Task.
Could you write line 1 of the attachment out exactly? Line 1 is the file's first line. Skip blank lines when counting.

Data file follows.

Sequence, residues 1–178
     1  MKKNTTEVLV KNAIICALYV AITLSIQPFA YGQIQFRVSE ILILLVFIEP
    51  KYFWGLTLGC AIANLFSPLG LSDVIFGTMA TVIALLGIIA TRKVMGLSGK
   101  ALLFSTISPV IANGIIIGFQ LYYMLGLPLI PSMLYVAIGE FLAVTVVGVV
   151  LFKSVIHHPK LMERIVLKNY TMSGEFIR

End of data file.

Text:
Sequence, residues 1–178